I was flipping through channels last night and saw Oz was on 3D Cinema for $5.99. So I can pay $50 for tickets and another $20 for popcorn and soda for my family of 4 - or wait 3 months and for $5.99 watch it at home in 3D and be able to invite neighbors over.

MustangGT
06-13-2013, 10:34 AM
The sooner the industry implodes the better.

bchris02
06-13-2013, 10:51 AM
It's sad that we are at a point that almost every social activity we as a society used to enjoy is being replaced by the Internet. At least there will never be an app to replace the local pub.

I hope Lucas and Spielberg are wrong on this. It almost makes sense for them to say this as they are both has-been greats who have lost their magic in recent years.

Just the facts
06-13-2013, 11:10 AM
It's sad that we are at a point that almost every social activity we as a society used to enjoy is being replaced by the Internet. At least there will never be an app to replace the local pub.

That is one way to look it at it but I think this all part of a much bigger trend where the 'quantity over quality' mentality has run its course. The economic model that says supply everything to everyone at any time they want it just isn't sustainable. It goes back to the flaws with the 'growth model' as the primary model for funding anything.

BoulderSooner
06-13-2013, 11:13 AM
I'm not an expert like they are but I'm not sure this isn't just a small generational bump. I just have a hard time seeing theaters going away. Hollywood has been producing good flicks and maybe theaters just need to change their model away from food -- or such horrible food. I'd happily buy dinner at the theater but right now my options aren't good.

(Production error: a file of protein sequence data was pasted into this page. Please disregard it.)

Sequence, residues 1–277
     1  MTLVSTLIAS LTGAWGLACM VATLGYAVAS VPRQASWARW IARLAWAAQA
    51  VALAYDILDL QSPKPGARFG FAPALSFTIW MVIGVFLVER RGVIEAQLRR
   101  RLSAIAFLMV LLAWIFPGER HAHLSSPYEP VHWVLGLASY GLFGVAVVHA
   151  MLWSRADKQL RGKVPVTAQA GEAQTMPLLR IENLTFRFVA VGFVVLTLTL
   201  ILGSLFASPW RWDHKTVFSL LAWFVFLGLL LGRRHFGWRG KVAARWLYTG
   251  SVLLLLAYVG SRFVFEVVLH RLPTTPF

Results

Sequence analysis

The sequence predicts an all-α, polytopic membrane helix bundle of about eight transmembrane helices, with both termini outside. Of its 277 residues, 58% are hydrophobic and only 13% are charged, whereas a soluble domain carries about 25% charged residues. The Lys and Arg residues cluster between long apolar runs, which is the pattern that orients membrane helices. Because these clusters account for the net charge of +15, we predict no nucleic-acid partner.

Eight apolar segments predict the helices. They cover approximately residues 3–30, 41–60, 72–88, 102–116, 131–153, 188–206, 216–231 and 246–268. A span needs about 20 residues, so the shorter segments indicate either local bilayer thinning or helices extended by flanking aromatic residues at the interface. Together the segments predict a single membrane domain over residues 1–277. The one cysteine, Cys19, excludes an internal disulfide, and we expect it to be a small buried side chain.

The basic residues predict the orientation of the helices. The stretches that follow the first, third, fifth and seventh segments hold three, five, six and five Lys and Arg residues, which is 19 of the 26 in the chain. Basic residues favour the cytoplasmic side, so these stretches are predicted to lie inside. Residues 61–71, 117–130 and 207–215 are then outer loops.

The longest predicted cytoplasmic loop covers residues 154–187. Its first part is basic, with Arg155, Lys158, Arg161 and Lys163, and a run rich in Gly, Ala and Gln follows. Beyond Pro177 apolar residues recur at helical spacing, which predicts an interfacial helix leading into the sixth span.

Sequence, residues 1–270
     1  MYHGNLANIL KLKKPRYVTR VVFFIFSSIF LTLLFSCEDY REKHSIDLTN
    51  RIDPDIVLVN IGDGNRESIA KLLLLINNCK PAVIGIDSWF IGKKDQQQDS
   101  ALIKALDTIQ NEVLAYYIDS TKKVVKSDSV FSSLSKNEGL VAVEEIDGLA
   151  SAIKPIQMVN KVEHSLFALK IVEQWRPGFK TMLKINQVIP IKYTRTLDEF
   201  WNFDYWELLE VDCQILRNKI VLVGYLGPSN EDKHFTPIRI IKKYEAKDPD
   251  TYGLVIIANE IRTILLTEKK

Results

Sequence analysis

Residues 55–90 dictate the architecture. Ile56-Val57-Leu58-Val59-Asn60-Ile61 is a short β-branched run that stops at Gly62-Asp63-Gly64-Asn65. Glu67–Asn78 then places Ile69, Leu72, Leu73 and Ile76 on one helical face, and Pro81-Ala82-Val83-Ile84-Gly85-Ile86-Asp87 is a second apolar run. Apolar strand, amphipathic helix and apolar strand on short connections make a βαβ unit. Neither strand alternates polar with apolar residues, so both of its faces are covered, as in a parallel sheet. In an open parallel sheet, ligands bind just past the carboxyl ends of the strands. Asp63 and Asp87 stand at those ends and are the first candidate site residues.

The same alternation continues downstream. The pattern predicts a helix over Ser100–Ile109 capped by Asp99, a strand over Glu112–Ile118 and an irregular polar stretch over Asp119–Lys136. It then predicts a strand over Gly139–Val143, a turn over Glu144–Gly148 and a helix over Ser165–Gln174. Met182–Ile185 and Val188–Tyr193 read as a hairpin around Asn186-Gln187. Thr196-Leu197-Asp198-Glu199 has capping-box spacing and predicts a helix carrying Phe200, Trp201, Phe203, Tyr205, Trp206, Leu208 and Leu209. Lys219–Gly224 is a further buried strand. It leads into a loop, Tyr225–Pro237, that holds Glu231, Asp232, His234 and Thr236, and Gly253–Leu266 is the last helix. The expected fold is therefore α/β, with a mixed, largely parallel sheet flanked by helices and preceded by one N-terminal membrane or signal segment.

I suspect someone will come up with something creative and the model will shift.

Does everyone go to their houses to watch movies with friends these days? Seems odd to me if that is true.

this there is a reason why the Warren is packed just about every day .. and the directors suites and balcony's are always full

Just the facts
06-13-2013, 11:36 AM
Hollywood has been producing good flicks and maybe theaters just need to change their model away from food -- or such horrible food.

...

Does everyone go to their houses to watch movies with friends these days? Seems odd to me if that is true.

Spielberg's and Lucas' comment were more directed at the problems in the film distribution process. The theaters are just where the public are going to see those problems. As for having people over to watch movies, we usually have friends of the kids come over but on occasion (a couple of times per year) someone breaks out the movie projector and we watch movies in the yard with 40 or 50 people.

Rover
06-13-2013, 08:38 PM
That is one way to look it at it but I think this all part of a much bigger trend where the 'quantity over quality' mentality has run its course. The economic model that says supply everything to everyone at any time they want it just isn't sustainable. It goes back to the flaws with the 'growth model' as the primary model for funding anything.

JTF, you promote the concept that building highways and streets is what creates sprawl. That same logic says that all of the technology that builds alternate distribution methods creates entertainment sprawl. There are so many distribution channels in need of content that we will continue to see volume entertainment. And, because many digital distribution channels are cheap (utube vs cumbersome old film distribution methods) and the cost of maintaining digital media is cheap, then cheaper productions still find a channel and a niche audience. But, those same channels of information also encourage highly targeted and high quality smaller productions to be able to distribute because of their low costs and targeted audiences. In fact, in an odd way we have both breadth and depth because of distribution channel efficiencies.